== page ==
I would like an extra 8 hours in my day, please. It’s nearly 2 pm and I haven’t even showered. I HAVE checked on the house and animals I’m watching for a friend, cooked twice, done dishes and laundry, written to-do and grocery lists, and deep-cleaned both fish tanks. I still need to run to 2-3 stores, finish laundry, help my son sew some projects he’s working on, give the dog a bath, check on the house and feed all the animals again, and clean the car.
Tomorrow includes getting my boy off to day care, going to Verizon with my parents to put them on my phone plan, the bank, ordering transcripts, contacting Admissions at the school I’m going to attend, and taking the final admissions test.
I haven’t even listed everything. I’m supposed to spend time with my SO, too, because Sunday/Monday are my only fucking days off. Every goddamn weekend is this fucking full and I am too tired to live. It’s only going to get worse when school starts, I’ll still need to work full time to make it, and the little guy is going to need help with homework.
I am just fucking overwhelmed and exhausted and anxious. I’m sorry for the whining.
Anonymous said: This is NOT a hate message, I'm just a kind observer who wants to make a note. I'm on anon because I feel more comfortable like this. Also, I am not a vegan. Your comment on that vegan post makes it seem like you're saying if you can't be perfect, then don't even try. As if you're saying "You can't stop all suffering, so don't stop any." Care to elaborate?
I’m a vegan
I think veganism is a good thing, for those who have the means to do it—but many people do NOT.
I do not like vegans thinking they are higher than other people because they “cause less suffering”. yes, vegans cause less suffering to meat animals—but they are still blindly (or not so blindly..) supporting industries that literally torture children and if they were asked why they do that, do you know what their (and my!) responses would be?
-it is financially/logically impossible to eat all locally grown food year round
-it is EXTREMELY hard to eat all true organic food all year round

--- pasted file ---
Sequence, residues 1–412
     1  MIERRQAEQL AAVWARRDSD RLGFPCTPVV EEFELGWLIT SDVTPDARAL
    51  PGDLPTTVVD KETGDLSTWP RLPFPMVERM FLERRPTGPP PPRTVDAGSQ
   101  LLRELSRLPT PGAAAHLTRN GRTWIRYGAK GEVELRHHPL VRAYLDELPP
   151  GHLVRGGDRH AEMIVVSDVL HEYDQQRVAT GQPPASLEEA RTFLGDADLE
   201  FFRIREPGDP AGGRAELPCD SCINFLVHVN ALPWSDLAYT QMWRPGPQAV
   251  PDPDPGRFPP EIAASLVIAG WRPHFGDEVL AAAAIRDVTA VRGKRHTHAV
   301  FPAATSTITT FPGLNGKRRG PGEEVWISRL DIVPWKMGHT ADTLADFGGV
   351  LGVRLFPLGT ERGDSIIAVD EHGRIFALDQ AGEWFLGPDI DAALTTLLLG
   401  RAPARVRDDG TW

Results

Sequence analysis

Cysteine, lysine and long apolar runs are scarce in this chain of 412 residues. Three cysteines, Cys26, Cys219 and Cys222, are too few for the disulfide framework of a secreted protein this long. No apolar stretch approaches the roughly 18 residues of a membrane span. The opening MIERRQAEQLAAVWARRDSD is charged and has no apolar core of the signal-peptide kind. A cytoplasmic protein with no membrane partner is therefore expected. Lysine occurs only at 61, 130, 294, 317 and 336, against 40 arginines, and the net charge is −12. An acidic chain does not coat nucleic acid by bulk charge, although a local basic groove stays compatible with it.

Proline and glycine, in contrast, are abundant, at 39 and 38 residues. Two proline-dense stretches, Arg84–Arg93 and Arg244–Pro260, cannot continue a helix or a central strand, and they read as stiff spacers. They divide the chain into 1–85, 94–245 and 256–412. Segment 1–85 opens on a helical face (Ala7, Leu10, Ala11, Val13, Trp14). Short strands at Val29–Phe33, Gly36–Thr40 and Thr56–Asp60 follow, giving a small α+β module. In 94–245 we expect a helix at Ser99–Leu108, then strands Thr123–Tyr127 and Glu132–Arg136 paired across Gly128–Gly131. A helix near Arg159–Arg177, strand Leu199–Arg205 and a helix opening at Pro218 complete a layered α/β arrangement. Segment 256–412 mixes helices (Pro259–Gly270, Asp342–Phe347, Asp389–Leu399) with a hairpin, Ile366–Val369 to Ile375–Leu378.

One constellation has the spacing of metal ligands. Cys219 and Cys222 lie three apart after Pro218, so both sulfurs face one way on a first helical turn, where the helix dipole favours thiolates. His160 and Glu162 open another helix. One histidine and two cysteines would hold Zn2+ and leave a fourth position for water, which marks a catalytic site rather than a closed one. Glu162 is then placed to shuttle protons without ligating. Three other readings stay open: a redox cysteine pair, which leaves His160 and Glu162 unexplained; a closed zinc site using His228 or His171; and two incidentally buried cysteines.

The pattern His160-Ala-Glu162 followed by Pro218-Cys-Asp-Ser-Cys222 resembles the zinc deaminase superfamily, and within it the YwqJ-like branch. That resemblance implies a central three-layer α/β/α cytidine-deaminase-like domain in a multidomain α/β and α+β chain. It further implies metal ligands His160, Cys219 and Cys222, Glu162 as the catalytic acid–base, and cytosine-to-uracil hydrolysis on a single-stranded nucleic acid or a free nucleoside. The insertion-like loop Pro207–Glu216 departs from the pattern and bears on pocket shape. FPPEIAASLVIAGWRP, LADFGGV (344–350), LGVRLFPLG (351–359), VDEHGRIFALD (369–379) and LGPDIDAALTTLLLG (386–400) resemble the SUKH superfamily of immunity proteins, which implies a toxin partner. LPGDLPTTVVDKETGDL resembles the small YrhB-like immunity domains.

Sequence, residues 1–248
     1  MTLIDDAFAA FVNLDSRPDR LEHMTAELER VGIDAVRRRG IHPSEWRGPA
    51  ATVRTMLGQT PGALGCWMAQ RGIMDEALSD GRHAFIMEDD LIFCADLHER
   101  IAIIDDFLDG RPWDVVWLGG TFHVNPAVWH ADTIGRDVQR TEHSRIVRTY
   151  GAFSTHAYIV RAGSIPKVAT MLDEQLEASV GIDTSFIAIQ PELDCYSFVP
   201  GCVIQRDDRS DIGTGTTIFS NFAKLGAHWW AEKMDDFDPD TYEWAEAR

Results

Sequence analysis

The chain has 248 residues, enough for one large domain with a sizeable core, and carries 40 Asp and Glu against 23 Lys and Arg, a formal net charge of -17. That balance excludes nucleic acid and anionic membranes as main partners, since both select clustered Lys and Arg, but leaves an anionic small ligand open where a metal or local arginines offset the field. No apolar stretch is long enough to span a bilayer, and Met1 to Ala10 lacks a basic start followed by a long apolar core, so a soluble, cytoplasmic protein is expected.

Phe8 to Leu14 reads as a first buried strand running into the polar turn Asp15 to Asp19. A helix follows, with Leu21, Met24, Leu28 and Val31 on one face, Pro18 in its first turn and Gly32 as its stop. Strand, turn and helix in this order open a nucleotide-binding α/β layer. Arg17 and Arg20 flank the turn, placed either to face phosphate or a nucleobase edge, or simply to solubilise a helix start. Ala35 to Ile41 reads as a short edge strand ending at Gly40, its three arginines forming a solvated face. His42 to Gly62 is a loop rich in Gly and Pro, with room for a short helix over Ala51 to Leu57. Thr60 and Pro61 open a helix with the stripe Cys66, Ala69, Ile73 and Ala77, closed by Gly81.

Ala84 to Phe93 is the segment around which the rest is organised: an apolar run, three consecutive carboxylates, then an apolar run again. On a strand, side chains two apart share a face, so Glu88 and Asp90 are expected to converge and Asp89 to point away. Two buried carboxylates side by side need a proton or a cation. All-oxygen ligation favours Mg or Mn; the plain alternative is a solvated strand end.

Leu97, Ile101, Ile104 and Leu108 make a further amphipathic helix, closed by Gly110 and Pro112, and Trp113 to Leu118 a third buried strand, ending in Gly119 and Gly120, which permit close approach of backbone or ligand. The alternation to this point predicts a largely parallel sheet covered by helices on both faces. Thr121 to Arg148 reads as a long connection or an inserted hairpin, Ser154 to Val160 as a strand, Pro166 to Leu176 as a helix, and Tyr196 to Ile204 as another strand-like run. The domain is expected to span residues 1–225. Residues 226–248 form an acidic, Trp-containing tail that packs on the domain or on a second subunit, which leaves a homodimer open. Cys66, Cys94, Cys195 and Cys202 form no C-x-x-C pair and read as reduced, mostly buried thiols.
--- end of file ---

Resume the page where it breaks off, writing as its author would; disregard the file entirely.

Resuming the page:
-“but it says it’s organic so it can’t be bad”
-“those people aren’t being slaughtered”
-it would be too time consuming
which are some of the basic arguments of those who are unable to go vegan or don’t want to. veganism can be GREAT, but it’s absolute bullshit when all it does it put someone on a pedestal from which they can look down and insult others who can’t be vegans.
ideally, yes, people would mostly eat vegetarian/vegan, but also ideally, people would have enough money to sustain themselves, racism, sexism, classism, homophobia, etc, would not exist, and ideally vegetables would not be grown through what is basically slave labor.
I would argue that every person with the ability to aquire information on veganism/animal rights can be vegan.
Now, hear me out, because I know you’re probably planning to explain why some people can’t eat a plant based diet. I say that because I think veganism is best described as anti-speciesism. It is a moral stance against a prevalent logic of domination against non-human animals. From that, the logical step is to avoid, as far as possible, benefitting from and contributing to speciesism. Aka: lifestyle changes, including dietary ones. The important part is “as far as possible”. If someone has very real difficulties with the lifestyle changes associated with veganism, you could hardly say they’re less of an anti-speciesist because capitalism has forced them into a position where they can’t completely boycott the products of non-human exploitation. Veganism shouldn’t be seen as a purist consumer action against industrialised cruelty, but as a protest against speciesism itself. In that way, whether or not a boycott would reform capitalism to be a little nicer is practically irrelevant, for it’s a refusal to take part in an industry which is inherently exploitative.
With regards to human exploitation under capitalism, it’s slightly more complex in that it isn’t inherently tied to any particular industry, and people interact with capitalism more complexly. You cannot say, for example, that chocolate should not exist in an ideal world because it cannot exist without exploitation. However that is the case with all industries based around non-human animal exploitation - they cannot exist in a form that is non-exploitative, so in a sense we are living the kind of world we want to see.
In order to challenge human exploitation, or other more insidious forms of non-human exploitation (eg. killing “pests”), you must challenge capitalism itself, for it’s to capitalism that these things are inherent, not any one industry. But you cannot boycott capitalism unless you are privaliged enough under it that you can be self-sustainable. Of course, though, lack of inherent exploitation doesn’t mean lack of exploitation, which is where discussing speciesism is important.
I do what I can to minimise my impact on humans though, I buy second hand where available, grow my own food where I can, will not use chocolate/cocoa from unethical sources (I don’t use coffee), and try to make the most ethical choices reasonable to me. But it is not the same as refusing to accept an inherently exploitative, and ideally non-existant, industry, just as boycotting non-organic produce is not the same although that hurts non-human animals too. In those areas I try to do what I can, but as the harm is not inherent it is more difficult.
all fish should be really expensive. Then no one would ever have to audacity to think “oh it’s just a $5 fish, i can stick it in this $10 bowl and it will be fine and i can buy a new one if it dies.”
no, you’re wrong…
I’ve spent so much money in fish/aquarium stuff it scares me to think about